Take guidance from market axioms
As we approach the first trading day of 2011, it will be time well spent to review Arthur Huprich’s list of investment rules. Art is Senior Vice President and Senior Market Technician of Raymond James Equity Research. The list comes courtesy of Barry Ritholtz, writer of The Big Picture blog. (Although the list goes back a few years, the axioms are timeless.)
• Commandment #1: “Thou Shall Not Trade Against the Trend.”
• Portfolios heavy with underperforming stocks rarely outperform the stock market!
• There is nothing new on Wall Street. There can’t be because speculation is as old as the hills. Whatever happens in the stock market today has happened before and will happen again, mostly due to human nature.
• Sell when you can, not when you have to.
• Bulls make money, bears make money, and “pigs” get slaughtered.
• We can’t control the stock market. The very best we can do is to try to understand what the stock market is trying to tell us.
• Understanding mass psychology is just as important as understanding fundamentals and economics.
• Learn to take losses quickly, don’t expect to be right all the time, and learn from your mistakes.
• Don’t think you can consistently buy at the bottom or sell at the top. This can rarely be consistently done.
• When trading, remain objective. Don’t have a preconceived idea or prejudice. Said another way, “the great names in trading all have the same trait: An ability to shift on a dime when the shifting time comes.”
• Any dead fish can go with the flow. Yet, it takes a strong fish to swim against the flow. In other words, what seems “hard” at the time is usually, over time, right.
• Even the best looking chart can fall apart for no apparent reason. Thus, never fall in love with a position but instead remain vigilant in managing risk and expectations. Use volume as a confirming guidepost.
• When trading, if a stock doesn’t perform as expected within a short time period, either close it out or tighten your stop-loss point.
• As long as a stock is acting right and the market is “in-gear,” don’t be in a hurry to take a profit on the whole positions. Scale out instead.
• Never let a profitable trade turn into a loss, and never let an initial trading position turn into a long-term one because it is at a loss.
• Don’t buy a stock simply because it has had a big decline from its high and is now a “better value”; wait for the market to recognize “value” first.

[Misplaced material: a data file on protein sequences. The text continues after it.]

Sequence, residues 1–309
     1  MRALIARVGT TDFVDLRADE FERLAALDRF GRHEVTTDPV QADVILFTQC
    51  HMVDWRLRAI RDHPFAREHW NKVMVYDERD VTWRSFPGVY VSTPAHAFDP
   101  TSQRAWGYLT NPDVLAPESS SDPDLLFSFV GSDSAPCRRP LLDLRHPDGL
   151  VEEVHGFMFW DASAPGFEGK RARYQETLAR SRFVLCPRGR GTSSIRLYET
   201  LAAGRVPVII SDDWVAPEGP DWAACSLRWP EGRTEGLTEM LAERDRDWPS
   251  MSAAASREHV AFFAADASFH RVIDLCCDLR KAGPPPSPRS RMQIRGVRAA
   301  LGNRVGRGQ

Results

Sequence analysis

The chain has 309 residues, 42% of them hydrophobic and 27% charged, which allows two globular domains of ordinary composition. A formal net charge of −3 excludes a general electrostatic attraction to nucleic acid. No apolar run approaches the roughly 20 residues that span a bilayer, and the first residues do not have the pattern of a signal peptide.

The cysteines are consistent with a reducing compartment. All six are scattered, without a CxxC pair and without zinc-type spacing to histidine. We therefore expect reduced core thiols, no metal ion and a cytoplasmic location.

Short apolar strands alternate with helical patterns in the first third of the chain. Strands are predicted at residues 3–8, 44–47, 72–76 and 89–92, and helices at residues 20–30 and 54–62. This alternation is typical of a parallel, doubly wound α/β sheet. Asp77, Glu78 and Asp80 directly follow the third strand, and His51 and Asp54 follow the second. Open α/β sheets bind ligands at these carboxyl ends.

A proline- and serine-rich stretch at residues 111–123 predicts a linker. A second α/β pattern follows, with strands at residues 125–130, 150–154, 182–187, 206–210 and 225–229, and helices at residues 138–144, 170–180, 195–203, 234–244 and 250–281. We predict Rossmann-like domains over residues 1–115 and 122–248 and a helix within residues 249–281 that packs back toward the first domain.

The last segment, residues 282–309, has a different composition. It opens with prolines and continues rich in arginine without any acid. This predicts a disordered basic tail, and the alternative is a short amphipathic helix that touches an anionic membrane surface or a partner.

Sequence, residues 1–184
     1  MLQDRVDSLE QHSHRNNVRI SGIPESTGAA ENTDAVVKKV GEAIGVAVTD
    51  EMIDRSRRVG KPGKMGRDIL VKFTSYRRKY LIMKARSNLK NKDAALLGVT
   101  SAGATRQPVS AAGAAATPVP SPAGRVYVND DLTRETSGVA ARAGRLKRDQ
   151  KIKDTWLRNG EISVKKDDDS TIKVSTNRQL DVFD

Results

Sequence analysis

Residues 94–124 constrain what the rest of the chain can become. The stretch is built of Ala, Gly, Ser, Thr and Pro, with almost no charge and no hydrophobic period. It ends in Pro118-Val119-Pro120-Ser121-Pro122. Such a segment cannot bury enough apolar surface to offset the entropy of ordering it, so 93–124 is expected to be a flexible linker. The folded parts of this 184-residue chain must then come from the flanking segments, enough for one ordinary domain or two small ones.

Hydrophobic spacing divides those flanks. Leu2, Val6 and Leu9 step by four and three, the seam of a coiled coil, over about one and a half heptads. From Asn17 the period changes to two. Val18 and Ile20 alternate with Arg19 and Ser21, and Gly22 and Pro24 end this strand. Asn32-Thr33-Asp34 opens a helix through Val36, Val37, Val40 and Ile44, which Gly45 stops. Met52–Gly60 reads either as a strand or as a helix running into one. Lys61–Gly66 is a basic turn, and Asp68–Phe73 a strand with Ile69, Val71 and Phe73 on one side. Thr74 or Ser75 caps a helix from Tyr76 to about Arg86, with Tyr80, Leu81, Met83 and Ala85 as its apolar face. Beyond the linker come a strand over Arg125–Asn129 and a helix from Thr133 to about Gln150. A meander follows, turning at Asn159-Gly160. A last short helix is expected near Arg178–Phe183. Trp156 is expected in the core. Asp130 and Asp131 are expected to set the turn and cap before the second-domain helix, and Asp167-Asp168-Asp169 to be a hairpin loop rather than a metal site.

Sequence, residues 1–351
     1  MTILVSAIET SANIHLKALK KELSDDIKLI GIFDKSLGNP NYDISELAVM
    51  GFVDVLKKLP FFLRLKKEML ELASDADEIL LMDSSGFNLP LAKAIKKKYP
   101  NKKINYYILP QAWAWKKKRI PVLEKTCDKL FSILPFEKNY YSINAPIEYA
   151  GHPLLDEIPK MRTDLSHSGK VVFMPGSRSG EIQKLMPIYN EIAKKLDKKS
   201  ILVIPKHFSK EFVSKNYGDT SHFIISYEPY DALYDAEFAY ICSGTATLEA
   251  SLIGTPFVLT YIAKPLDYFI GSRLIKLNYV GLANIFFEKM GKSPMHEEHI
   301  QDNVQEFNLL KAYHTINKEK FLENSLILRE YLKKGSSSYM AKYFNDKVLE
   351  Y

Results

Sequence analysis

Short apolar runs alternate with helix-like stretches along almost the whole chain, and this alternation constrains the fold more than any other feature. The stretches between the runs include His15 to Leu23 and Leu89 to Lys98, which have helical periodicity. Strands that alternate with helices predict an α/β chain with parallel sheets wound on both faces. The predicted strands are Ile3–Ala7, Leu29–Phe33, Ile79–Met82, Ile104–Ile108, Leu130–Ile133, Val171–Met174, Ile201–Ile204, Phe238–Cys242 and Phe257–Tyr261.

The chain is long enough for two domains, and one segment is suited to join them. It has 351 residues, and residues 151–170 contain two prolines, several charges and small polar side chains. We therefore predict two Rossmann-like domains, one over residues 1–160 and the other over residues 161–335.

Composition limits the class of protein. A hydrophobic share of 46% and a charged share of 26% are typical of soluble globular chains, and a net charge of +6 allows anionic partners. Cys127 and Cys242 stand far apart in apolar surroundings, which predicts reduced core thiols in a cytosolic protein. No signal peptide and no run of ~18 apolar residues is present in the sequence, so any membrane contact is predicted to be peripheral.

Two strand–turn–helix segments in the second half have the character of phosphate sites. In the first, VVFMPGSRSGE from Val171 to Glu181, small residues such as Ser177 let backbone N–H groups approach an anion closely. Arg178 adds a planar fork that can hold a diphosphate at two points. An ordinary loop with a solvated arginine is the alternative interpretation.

• Don’t average trading losses, meaning don’t put “good” money after “bad”. Adding to a losing position will lead to ruin. Ask the Nobel Laureates of Long-Term Capital Management.
• Human emotion is a big enemy of the average investor and trader. Be patient and unemotional. There are periods where traders don’t need to trade.
• Wishful thinking can be detrimental to your financial wealth.
• Don’t make investment or trading decisions based on tips. Tips are something you leave for good service.
• Where there is smoke, there is fire, or there is never just one cockroach: In other words, bad news is usually not a one-time event, more usually follows.
• Realize that a loss in the stock market is part of the investment process. The key is not letting it turn into a big one as this could devastate a portfolio.
• Said another way, “It’s not the ones that you sell that keep going up that matter. It’s the one that you don’t sell that keeps going down that does.”
• Your odds of success improve when you buy stocks when the technical pattern confirms the fundamental opinion.
• As many participants have come to realize from 1999 to 2011, during which the S&P 500 has made no upside progress, you can lose money even in the “best companies” if your timing is wrong. Yet, if the technical pattern dictates, you can make money on a short-term basis even in stocks that have a “mixed” fundamental opinion.
• To the best of your ability, try to keep your priorities in line. Don’t let the “greed factor” that Wall Street can generate outweigh other just as important areas of your life. Balance the physical, mental, spiritual, relational, and financial needs of life.
• Technical analysis is a windsock, not a crystal ball. It is a skill that improves with experience and study. Always be a student, there is always someone smarter than you!
Source: Barry Ritholtz, The Big Picture, January 1, 2010.
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